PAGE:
In 1395 the Ottomans under Bayezid I captured the city, which remained under their rule until 29 November 1912, when the Serbian army took control of the city. The city remained part of the Kingdom of Serbia and later of Yugoslavia till 1991, when it became part of the new state of the Republic of Macedonia (now Republic of Northern Macedonia).
Robevi family house.
Today, Ochrid is the most tourist destination in the area, primarily its old part, which once used to be inside the fortification walls. Only very few ruins of those walls remain today.
Ochrid asset is undoubtedly religious tourism. Thousands of Orthodox Christians come here to visit the old churches and Monasteries. The most important religious monuments of the city are:
👍The Church of St. Sophia (the current 11th-century church was built on the foundations of a Metropolitan Cathedral demolished in the first decade of the 6th century by Barbarian invasions) with frescoes from the 11th, 12th and 13th centuries, which represent some of the most significant achievements in the Byzantine painting of the time.
👍 St. Clement built the Church of St. Panteleimon in 893 on the foundation of an early Christian five-aisle basilica dedicated to St. Paul the Apostle, who preached Christianity in Lychnidos in the 1st century AD. The church and the ruins of the basilica and its baptistery are located inside the big archeological site of Plaosnik.
👍The Holy Mother of God Perybleptos church, built in 1295, has stunning frescoes. The frescoes include images from the Passion and the Gospels, the Virgin Mary's life, and John the Baptist's life. Byzantine painters Michael and Eutychios signed their work at the church, making Holy Mother of God Peribleptos one of only four churches that preserves the signatures of these influential artists.
👍The church of the Assumption of Holy Mother of God - Kamensko. The church was built in the 17th century and expanded later. The frescos were painted by one of the most famous icon and fresco painters in the Balkans in the 19th century, Dico Zograf, in 1863.
👍The Church of St. John at Kaneo is situated on the cliff over Kaneo Beach overlooking Lake Ohrid. The church is dedicated to John of Patmos, the writer of Revelation. The construction date of the church remains unknown, but documents detailing the church property suggest that it was built in the first half of the 15th century.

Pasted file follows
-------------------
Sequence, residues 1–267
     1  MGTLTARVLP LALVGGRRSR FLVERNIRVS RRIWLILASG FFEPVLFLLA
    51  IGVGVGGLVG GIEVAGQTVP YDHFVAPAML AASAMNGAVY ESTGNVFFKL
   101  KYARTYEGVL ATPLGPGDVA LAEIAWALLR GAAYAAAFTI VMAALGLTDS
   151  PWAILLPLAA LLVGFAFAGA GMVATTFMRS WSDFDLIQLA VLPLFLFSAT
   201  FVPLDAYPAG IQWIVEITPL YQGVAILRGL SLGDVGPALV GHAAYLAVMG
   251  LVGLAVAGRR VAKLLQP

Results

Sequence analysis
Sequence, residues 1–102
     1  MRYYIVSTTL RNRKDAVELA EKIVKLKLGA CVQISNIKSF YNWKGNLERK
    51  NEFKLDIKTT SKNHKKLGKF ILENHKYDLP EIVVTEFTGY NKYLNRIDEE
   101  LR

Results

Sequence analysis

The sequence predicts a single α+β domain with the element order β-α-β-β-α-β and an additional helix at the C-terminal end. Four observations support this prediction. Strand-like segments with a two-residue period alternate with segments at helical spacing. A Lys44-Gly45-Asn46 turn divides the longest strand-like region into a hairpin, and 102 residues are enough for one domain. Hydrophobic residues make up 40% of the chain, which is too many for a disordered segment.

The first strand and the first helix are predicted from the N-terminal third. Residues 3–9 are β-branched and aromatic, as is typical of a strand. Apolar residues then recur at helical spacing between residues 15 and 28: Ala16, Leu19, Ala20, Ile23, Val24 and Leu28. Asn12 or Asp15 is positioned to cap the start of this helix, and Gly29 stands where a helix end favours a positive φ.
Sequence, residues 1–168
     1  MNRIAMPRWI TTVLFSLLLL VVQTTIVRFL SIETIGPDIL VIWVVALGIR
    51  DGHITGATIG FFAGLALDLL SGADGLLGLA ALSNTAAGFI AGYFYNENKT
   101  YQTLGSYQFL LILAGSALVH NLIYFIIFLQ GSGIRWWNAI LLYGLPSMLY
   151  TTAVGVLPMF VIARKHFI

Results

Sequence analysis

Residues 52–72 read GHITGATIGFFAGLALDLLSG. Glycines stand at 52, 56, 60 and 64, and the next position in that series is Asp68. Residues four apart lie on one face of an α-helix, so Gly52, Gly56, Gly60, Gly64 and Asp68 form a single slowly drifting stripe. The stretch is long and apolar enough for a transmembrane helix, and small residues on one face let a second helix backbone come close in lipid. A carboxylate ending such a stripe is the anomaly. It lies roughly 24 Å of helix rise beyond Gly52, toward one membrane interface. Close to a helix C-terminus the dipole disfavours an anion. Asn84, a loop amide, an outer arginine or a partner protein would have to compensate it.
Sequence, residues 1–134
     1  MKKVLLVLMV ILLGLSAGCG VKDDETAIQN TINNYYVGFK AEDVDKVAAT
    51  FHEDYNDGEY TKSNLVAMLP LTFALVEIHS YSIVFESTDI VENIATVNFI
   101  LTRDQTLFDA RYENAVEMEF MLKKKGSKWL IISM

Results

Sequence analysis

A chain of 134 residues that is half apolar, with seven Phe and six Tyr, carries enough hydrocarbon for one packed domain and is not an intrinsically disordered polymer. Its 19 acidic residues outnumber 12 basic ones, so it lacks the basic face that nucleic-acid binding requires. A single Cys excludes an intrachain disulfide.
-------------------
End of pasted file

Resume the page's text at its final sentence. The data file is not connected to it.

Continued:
👍Several other smaller churches are spread around.
Other important atractions include:
👍The Robevi family house, built in its current state in 1863–1864 by Todor Petkov, and which today houses the Archeological Museum, the Hellenistic Ancient Theater built in 200 BC, and the 10th-century Samuil's Fortress, which was heavily restored in 2003 with the addition of entirely new battlements where none had survived.
the Church of St. John at Kaneo
the Church of St. Sophia
the church of Holy Mother of God - Kamensko
the Ancient Theater
the Church of St. Panteleimon & the Plaosnik
the Mother of God Perybleptos church
The Monastery of Saint Naum is situated along Lake Ohrid, 29 kilometers south of the city of Ohrid, very close to the Albanian borders. The monastery was established in the Bulgarian Empire in 905 by St Naum of Ohrid. St Naum is also buried in the church. Since the 16th century, a Greek school had functioned in the monastery. The area where the monastery of St Naum lies belonged to Albania for a short period from 1912 until June 28, 1925, when Zog of Albania ceded it to Yugoslavia due to negotiations between Albania and Yugoslavia and as a gesture of goodwill.
The Monastery is built on a lovely spot on the shore and next to some freshwater springs. Today, the only part of the old Monastery that has survived is the church with some of the most beautiful frescos in the area. The rest of the Monastery has been recently rebuilt and is highly commercialized, including a vast restaurant, a hotel, and souvenir shops.